YOU MULTI-TASK all day - text and drive, talk and type, drink water infused with vitamins. So why shouldn't your makeup do double-duty too?
A new generation of foundations aims to do just that, promising more than an even skin tone and a dewy finish. Fortified with ingredients usually reserved for skin care products, these foundations say they can diminish fine lines and wrinkles, treat acne, firm the skin - even help reverse aging.
Others, such as Estee Lauder's Resilience Lift Extreme Ultra Firming makeup, tout their collagen-boosting capabilities via peptides and the moisturizing properties of hyaluronic acid -- two substances touted to have skin rejuvenating properties.
Naturally, the trend is driven by the growing anti-aging skin care market. According to the market research company Mintel, from 2004 to 2006, makeup brands with anti-aging benefits sparked a $39-million growth in the $6-billion cosmetics category - and that's just for brands sold in drug and food outlets.
"There is sort of this race to be the one product that is all things to all women," says Kat Fay, a senior health and beauty analyst at Mintel. "It's anti-aging, it gives you a tan, firms your skin, evens out your skin tone and does your taxes too!"
But the products are also selling to younger women, who are looking for prophylactic beauty strategies. "New science, technology and ingredients are at the core of this," Fay says. "The idea is we can build a better you."
But some dermatologists question using makeup as an approach to anti-aging or skin treatment. "When you put these cosmeceutical ingredients in makeup, theoretically they should have some effect, but if someone has a skin condition they want to treat, something like acne or rosacea or even fine lines or wrinkles, they'll probably see better results from a physician-prescribed therapy," says Jenny Kim, associate professor of medicine and dermatology at the David Geffen School of Medicine at UCLA. "Since these aren't approved by the FDA, which requires a certain amount of testing, it's hard to judge the efficacy."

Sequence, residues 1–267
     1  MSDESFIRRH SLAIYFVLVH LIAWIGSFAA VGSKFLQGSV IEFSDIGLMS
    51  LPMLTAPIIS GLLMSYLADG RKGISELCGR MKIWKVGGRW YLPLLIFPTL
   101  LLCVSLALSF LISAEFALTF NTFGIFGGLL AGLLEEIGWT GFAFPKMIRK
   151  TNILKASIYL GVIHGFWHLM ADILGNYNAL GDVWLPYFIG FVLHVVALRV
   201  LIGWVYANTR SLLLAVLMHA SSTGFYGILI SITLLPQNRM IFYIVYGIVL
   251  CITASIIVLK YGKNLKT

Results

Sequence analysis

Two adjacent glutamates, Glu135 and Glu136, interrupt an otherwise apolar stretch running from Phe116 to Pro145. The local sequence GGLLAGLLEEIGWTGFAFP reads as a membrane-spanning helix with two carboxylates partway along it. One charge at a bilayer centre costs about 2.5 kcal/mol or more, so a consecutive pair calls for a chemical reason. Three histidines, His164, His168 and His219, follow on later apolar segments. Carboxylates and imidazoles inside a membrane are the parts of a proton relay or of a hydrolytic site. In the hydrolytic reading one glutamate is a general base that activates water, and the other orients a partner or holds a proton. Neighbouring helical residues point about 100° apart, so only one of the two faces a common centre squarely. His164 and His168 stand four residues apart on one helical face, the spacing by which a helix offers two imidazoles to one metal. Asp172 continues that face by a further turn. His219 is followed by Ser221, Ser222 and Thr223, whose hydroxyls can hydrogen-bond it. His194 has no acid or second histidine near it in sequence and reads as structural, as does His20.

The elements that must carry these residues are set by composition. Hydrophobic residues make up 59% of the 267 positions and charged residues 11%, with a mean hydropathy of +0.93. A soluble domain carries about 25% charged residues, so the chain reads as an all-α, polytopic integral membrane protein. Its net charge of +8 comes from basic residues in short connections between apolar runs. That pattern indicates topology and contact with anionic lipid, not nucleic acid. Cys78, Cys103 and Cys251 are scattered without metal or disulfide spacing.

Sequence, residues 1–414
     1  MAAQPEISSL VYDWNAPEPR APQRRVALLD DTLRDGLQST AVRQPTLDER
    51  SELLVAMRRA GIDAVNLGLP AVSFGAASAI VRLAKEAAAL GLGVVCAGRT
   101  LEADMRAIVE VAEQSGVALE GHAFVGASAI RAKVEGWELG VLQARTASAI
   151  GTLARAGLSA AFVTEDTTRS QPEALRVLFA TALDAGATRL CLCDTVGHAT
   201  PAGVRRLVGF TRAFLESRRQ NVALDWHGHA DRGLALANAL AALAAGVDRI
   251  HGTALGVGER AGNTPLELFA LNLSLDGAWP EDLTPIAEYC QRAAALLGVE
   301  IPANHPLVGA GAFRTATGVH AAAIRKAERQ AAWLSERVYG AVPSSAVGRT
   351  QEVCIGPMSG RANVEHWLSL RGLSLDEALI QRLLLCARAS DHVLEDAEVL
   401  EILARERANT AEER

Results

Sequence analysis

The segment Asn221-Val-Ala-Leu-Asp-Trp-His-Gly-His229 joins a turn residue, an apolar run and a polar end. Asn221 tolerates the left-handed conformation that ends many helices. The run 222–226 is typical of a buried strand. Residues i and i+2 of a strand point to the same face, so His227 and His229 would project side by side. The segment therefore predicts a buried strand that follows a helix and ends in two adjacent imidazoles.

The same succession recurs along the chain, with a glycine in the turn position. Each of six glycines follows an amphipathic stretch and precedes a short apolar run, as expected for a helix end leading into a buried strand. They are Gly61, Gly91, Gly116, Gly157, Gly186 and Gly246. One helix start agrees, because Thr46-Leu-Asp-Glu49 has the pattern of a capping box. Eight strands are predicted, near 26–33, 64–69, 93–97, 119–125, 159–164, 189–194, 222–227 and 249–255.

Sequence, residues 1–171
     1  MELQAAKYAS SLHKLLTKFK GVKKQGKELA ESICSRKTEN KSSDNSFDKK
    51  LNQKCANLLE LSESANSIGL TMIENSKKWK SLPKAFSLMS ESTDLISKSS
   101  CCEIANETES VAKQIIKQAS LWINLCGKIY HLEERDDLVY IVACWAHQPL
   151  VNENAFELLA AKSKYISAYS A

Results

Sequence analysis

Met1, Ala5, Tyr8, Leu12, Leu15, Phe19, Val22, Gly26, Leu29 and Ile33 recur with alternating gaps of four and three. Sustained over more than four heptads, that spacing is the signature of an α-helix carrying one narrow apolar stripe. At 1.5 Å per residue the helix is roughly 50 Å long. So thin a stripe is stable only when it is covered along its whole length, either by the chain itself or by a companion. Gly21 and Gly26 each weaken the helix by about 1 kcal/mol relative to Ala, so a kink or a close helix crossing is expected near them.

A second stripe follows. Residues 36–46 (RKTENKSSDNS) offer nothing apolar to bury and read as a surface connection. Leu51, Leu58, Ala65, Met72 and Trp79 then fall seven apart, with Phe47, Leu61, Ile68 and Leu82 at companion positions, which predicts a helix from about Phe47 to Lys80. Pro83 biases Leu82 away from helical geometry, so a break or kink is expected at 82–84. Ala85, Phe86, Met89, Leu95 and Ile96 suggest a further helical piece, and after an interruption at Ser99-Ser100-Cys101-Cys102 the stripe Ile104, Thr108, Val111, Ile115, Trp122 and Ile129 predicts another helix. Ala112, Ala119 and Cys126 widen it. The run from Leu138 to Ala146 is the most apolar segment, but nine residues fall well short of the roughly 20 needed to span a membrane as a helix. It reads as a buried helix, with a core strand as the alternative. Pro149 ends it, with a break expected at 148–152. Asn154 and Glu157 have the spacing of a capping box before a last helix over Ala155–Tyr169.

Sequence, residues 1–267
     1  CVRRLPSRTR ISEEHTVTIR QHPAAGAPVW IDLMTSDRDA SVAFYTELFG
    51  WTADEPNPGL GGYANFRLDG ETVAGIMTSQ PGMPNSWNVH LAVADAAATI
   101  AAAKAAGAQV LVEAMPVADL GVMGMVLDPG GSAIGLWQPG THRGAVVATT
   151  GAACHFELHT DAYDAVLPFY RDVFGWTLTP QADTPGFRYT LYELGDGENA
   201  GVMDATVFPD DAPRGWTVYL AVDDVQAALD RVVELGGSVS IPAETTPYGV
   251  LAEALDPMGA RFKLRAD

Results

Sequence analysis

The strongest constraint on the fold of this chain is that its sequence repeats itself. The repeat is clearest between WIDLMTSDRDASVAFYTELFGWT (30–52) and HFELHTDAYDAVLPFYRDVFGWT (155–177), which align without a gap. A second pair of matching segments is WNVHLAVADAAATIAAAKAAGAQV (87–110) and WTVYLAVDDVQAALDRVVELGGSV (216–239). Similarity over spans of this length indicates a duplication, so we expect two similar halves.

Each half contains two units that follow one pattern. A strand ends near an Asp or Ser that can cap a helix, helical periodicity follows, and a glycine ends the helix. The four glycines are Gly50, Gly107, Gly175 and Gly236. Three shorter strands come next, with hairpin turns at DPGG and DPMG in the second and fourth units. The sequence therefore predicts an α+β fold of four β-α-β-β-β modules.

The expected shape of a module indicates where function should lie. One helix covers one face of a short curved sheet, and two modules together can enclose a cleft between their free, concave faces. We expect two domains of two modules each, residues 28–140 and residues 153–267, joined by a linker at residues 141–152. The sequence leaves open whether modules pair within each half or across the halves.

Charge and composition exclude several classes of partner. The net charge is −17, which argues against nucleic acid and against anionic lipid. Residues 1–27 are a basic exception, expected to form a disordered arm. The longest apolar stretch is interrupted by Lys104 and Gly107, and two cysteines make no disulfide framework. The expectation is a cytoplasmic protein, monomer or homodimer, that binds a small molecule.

It's also impossible to know exactly how much of these ingredients are in the product. "Ingredient lists are tough," says cosmetic chemist Joe DiNardo, vice president of Pharma Cosmetix Research. Ingredients are listed in order of quantity, the most being at the top of the list and the least at the bottom. "But when you get to ingredients that are 1% or less of the formulation - where some of those actives may be - they can be placed in any order," he says. "That's usually where you get all those buzz ingredients that may not even be at a functional level."
Still, many of these ingredients do have legitimate research backing up their claims, says Suzanne Bruce, a Houston dermatologist who has written in medical journals about the effectiveness of cosmeceuticals. So, she says, using a so-called functional foundation can't hurt, and "it might even help."
But how much? And when will it not make a difference at all? Here's a look at the major ingredients on the expanding list of makeup with benefits. Now, if only there were a lipstick that lowers cholesterol.
What are they: Vitamin A compounds or derivatives that increase skin turnover, thereby exfoliating and helping to rebuild collagen. They are often called retinyl palmitate in ingredient lists, and they have been shown to reduce fine lines and wrinkles, even out skin tone and improve skin texture.
Where to find them: Retinols are extremely common, but L'Oreal is emphasizing them in its new Visible Lift Line Minimizing & Tone Enhancing Makeup ($14), which also has SPF 17 to prevent skin damage and a film-forming ingredient that tightens the skin similar to the way a clay mask does - think Spanx for the face.
Will they work: "Retinols, especially retinoic acid found in prescriptions like Tazarac and Retin-A, are where you get the most bang for your buck," says Kim, the UCLA dermatologist. "They have been shown to help reverse photo damage and help with fine lines and wrinkles."
Research suggests they may be the best over-the-counter option to reduce fine lines and wrinkles. "Vitamin A-derived ingredients are the only ones that have truly been tested to show they reduce wrinkles," says Nick Morante, a cosmetic chemist.